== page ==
The Stoyanovs
From the collection of Imaginary Archive :: 15.03 - 30.03 :: 2018

Contemporary Space and SYNTHESIS Gallery present

The Stoyanovs
Exhibition of Found Photography
from the Collection of Imaginary Archive

15 – 30 March, 2018
Opening: 15 March, 19:00

It is surprising at how many places the “found photography” can be found: at flea markets, in antique shops, garage sales, discarded state or private archives, in waste containers…

This type of photography is not of interest to official archives; it is not defined as art; it has no commercial value, and is an exact antipode to propaganda photography.

In recent years, archive selections comprising thousands, even millions of photographs taken by anonymous authors are making start in being presented at the most prestigious photographic exhibitions and festivals, in galleries and museums.

The great interest in found photography is the result of successful projects such as: The Archive of Modern Conflict, Beijing Silvermine by Thomas Sauvin, and the collections of Joachim Schmid, Jean-Marie Donat, Sébastien Lifshitz, Thomas Walther, Claude Ribouillault and Peter Cohen. Their work is shown in museums such as Tate Modern and MoMA, takes part in festivals such as Rencontres d’Arles and even takes its place in the largest gallery photographic fair – Paris Photo.

Imaginary Archive is the most popular archive of found photography in Bulgaria. It contains more than 10,000 photographic films, slides, paper copies, and photo albums – found, donated or bought at the flea market. Created more than five years ago by Tihomir Stoyanov, a Bulgarian collector and lover of memories, the archive offer a unique photographic portrait of the socialist society ranging from the first TV sets to the first color photographs. At the end of 2016, Tihomir created an Instagram profile of “The Stoyanovs”, where he published photographs of the everyday life of an imaginary socialist family. Their photographic memories are the focus of this exhibition.

Is there really such a family?
The elapsed time makes this question irrelevant. The displayed photographs and objects document the imaginary on the border with the existing and the unknown. The viewer can recognize his own memories or the photographs can take him to times when the place of each picture was in a frame or in a leather album.

The memories of the Stoyanovs are memories of many Bulgarian families. Memories of times when the dark and bright moments were in black and white.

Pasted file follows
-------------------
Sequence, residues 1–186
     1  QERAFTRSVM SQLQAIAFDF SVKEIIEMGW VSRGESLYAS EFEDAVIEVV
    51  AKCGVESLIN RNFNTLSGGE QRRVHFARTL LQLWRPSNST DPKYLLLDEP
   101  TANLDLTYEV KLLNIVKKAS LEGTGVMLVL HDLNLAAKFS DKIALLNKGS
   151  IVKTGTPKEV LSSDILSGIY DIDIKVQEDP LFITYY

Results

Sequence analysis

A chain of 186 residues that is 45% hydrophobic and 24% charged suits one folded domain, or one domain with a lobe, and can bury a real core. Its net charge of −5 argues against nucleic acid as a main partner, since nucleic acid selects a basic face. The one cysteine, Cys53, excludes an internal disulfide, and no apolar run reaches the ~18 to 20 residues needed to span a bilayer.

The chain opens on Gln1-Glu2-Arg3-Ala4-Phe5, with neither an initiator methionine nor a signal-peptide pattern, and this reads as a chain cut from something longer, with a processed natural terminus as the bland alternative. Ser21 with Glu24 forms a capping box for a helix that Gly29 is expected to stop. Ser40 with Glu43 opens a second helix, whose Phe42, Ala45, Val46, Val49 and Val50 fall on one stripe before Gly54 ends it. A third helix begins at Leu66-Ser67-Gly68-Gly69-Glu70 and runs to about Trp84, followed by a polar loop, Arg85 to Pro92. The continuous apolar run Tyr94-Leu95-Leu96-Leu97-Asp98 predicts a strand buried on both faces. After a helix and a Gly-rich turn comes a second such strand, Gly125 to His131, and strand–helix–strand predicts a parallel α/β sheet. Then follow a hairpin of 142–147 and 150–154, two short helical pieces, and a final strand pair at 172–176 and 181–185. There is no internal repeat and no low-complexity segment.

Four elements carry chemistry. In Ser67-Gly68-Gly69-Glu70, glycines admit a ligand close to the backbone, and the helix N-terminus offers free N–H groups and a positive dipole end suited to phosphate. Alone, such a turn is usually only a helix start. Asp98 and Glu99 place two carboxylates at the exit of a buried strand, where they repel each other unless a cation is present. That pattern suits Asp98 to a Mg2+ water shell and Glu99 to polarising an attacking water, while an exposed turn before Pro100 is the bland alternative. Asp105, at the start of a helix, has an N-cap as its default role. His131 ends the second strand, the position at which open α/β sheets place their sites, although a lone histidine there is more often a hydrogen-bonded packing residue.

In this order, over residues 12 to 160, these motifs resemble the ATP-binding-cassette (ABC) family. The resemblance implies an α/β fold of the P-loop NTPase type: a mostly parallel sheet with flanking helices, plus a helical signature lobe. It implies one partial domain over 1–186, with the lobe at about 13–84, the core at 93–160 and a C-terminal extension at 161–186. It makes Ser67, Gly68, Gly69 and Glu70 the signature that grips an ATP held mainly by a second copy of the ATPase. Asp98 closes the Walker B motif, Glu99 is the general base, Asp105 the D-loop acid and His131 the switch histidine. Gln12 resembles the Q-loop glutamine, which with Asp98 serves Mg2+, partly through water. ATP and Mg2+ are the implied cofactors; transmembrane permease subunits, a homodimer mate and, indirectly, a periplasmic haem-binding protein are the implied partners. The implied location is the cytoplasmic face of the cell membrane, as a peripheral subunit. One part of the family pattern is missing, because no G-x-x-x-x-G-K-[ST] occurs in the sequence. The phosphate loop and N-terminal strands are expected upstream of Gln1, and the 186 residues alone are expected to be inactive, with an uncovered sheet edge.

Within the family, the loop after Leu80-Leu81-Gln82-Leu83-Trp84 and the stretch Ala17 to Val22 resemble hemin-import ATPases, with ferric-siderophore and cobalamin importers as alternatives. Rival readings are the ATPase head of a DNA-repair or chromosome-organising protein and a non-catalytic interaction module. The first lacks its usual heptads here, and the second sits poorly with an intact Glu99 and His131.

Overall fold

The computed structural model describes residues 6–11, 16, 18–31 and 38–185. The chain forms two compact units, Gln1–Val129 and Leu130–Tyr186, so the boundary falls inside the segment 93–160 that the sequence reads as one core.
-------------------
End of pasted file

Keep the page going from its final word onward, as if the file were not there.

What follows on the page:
In Tihomir Stoyanov’s opinion, the moments people wish to remember are related to the same experiences, regardless of the change of generations: newborn babies, birthdays, and gatherings with friends, relatives and colleagues, trips close and distant.

How have foreign albums, negatives and photographic copies reached Imaginary Archive?

What is the way they have travelled before they reach the shelves and drawers of the archives of found photography?

Why do we need to save the memories of others?

Timothy Prus, the creator of The Archive of Modern Conflict, says: “People have photos and then there’s some break in the narrative; they die, the next generation doesn’t want them, people moving on get rid of pictures. Whether it’s a family member getting rid of an album or a press archive depositing the lot into a skip in the street it’s pretty much a sign of dynamic change… I just think it’s important to keep as much of the original context together as is humanly possible because otherwise people will forget… I think there is some curious relationship between the way we forget and cultural change. Because we’re living in a dynamic very fast moving society that amnesia is built in as a motor almost.”

Imagine that somebody in the distant future would like to look at our ordinary memento photos…

Those are gathered and kept by people like Tihomir Stoyanov who has once been given a simple advice by his father: “Take it, you may need it.”